OK so back to the shop, the hacksaw, and the drill press.  This time I managed to ruin both a drill bit and a good file.  The tip of a cutting edge flaked off of the drill bit and embedded itself in the soft tool steel, and when I was trying to file out the slot the chip of hard metal cut some nasty grooves in my new file (which I had just unwrapped).  Get out a junker 3-corner file and undercut the chip and excised it, and then continued with the rest of the job.  The second heat treating, this time in Gil's back yard, was successful, and I tempered the cutter in the kitchen oven.

Then I opened up the mouth ever so carefully, until the iron would come through.  The mouth was about .002" when I did this.  Then I started some test cuts.  Not good.  I tried a few things to get the performance up to par, and finally discovered that I had a minor bedding problem.  Once I cleaned up the bed, the plane worked wonderfully!  Except of course that the mouth is now .010" (drat!).  I shimmed the back of the iron with a piece of brass shim stock and the plane is even better now!

I used this plane on & off for a while, and one day the bun fell out.   I grumbled mightily, cursing the recalcitrance of certain inanimate objects, and expoxied the bun back in place.  A few months later the rear infill came out.  Good thing I had ahold of the plane with both hands at the time.  "Right" I says, "This time I'm gonna do it PROPERLY".  I spent $1 on some 3/16 brass rod and $0.25 on some 3/16 ID brass tubing.  Then I laid out and drilled through the casting with the infill clamped in place.  The clamping strategy was my biggest concern at this point.  Once I had the through holes done, I removed the infill block and bored out the holes to receive the tubes.  I cleaned up the holes in the casting (why oh why did I let that handsome box of Greenfield Tool & Die Co expanding reamers get away?!  Never pass up a good tool at a good price, even if you have absolutely no use for it...) and countersunk the holes.  Way too much countersink I might add.  You really don't need much to hold a pin in place.  Then I peened everything together, filed the ends of the pins flush and it was a plane again!  Next time the bun falls out, it gets riveted in too.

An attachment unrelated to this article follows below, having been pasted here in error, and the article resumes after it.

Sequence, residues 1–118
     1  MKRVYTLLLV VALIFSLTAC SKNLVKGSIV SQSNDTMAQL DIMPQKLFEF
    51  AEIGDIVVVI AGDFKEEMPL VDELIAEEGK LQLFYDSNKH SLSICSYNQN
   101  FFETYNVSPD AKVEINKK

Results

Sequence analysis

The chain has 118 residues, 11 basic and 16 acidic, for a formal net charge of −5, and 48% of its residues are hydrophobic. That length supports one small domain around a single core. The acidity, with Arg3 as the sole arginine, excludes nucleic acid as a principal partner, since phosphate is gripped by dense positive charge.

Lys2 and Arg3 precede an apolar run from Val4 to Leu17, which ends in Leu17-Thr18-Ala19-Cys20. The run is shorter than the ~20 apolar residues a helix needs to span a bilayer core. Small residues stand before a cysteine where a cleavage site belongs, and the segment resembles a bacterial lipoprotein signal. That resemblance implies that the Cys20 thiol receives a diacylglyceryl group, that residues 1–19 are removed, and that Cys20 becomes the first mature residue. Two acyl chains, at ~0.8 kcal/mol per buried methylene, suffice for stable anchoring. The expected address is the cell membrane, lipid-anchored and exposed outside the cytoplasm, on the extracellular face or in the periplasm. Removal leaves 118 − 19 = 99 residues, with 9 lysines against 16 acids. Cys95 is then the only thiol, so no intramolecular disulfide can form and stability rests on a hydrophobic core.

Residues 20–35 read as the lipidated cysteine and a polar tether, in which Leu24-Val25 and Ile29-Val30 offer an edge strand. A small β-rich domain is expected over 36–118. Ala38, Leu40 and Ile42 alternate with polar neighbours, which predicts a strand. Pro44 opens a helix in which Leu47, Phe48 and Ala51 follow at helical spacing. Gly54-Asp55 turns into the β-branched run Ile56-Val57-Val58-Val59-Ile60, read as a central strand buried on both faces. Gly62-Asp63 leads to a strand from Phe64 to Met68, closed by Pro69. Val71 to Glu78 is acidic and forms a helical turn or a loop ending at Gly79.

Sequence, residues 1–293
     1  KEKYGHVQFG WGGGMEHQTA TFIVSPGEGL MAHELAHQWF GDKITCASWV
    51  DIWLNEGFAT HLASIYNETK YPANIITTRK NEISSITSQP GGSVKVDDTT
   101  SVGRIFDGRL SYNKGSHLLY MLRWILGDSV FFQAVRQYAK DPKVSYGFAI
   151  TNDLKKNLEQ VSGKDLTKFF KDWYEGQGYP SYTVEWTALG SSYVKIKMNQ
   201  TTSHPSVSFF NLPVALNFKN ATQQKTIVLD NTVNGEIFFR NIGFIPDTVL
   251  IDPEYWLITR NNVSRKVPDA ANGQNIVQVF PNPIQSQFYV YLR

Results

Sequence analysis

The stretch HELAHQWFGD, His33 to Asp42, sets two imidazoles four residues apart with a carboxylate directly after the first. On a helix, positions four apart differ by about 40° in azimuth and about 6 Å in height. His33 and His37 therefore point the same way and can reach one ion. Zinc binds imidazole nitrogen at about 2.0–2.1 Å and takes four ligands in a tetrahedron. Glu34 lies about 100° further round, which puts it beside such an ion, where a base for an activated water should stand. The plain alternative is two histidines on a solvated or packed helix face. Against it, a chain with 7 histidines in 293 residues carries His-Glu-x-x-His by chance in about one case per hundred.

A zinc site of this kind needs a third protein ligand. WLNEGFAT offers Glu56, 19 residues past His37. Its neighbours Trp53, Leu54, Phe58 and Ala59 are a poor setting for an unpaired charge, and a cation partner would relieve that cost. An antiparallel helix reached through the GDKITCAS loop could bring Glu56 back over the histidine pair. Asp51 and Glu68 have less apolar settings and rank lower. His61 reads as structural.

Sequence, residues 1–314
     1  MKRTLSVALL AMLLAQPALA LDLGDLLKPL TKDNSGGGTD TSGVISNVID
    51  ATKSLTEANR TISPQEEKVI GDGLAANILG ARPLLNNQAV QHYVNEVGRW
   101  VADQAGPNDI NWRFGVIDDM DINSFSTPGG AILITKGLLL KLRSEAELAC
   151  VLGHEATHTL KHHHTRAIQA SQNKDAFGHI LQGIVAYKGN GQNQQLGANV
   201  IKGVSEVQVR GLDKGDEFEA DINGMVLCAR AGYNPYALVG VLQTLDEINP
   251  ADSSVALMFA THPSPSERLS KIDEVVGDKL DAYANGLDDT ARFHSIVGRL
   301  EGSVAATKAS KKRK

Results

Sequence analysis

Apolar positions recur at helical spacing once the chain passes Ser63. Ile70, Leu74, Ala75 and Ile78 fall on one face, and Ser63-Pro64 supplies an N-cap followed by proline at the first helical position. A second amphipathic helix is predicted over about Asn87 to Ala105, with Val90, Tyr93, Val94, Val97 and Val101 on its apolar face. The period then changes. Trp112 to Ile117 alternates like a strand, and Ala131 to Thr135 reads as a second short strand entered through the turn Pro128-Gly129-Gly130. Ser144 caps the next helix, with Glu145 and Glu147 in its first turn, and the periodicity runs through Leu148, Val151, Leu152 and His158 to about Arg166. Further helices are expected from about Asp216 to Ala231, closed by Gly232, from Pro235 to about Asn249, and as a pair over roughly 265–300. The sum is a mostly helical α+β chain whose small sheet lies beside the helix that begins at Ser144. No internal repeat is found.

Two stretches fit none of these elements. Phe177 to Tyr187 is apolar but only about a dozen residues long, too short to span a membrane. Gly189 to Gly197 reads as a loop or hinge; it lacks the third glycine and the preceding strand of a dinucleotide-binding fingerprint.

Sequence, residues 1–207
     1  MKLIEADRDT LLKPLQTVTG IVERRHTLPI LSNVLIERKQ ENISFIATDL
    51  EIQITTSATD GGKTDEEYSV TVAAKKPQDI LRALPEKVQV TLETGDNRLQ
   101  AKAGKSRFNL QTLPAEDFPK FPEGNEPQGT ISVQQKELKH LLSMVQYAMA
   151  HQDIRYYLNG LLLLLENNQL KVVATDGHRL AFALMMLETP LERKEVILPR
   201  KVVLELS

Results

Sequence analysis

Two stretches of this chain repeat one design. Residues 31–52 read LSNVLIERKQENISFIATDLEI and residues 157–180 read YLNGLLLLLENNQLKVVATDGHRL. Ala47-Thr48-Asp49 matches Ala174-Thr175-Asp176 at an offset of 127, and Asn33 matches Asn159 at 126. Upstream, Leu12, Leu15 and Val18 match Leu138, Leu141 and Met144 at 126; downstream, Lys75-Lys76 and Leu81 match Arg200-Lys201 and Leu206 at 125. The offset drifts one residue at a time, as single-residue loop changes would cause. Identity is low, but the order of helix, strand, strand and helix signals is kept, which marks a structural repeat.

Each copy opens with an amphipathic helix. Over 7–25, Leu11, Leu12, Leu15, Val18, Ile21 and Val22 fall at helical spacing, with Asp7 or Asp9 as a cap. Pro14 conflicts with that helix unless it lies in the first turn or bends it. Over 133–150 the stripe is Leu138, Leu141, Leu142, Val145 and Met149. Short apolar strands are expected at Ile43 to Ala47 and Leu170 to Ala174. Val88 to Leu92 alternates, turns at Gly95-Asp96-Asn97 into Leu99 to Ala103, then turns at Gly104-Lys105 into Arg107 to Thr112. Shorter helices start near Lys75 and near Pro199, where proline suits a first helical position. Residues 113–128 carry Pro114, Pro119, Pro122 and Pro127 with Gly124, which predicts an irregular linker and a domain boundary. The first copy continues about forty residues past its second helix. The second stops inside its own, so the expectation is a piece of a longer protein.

Then there was that FWW article on smoothing planes (early 2000?).  Paraphrasing one of the author's comments: "take each of your planes and use it exclusively every day for a week, so that you get used to exactly how the tool performs under varied use".  A good point, I thought.  So I tried it.  I used my infill for an hour or so every day for a week, until we got used to each other.  And I found out how to hold the plane, how hard to push, when to push, when to skew, and most importantly when to hone.  With a finishing smoother, sharp is everything, and you have to know when the iron isn't sharp anymore.  If you spend enough time with your plane, it will tell you when it needs to be sharpened.

One really interesting thing I learned at this time was that the sound a plane makes is a really good indicator of how it is performing.  My wife was running a R*nd*m *rb*t S*nd*r over some poor misbegotten piece of wood (what that wood had done to deserve that kind of treatment I'll never know...) and I was trying to plane some cherry.  When I could hear the plane (during grit changes) I could tell exactly when the grain was changing based solely on the sound the plane was making, and I could change my tactics  (skew the plane, or change direction).  When the sander was running I had to look closely at the surface to see if there was a problem area.  The Planing Gurus write that the feedback through your hands is important but I find that aural feedback is also important.  But I digress.

And here is the finished plane...

This plane is just about the coolest thing I have ever made, and now I can sign my name like this:

Darrell LaRue, FOYBIPO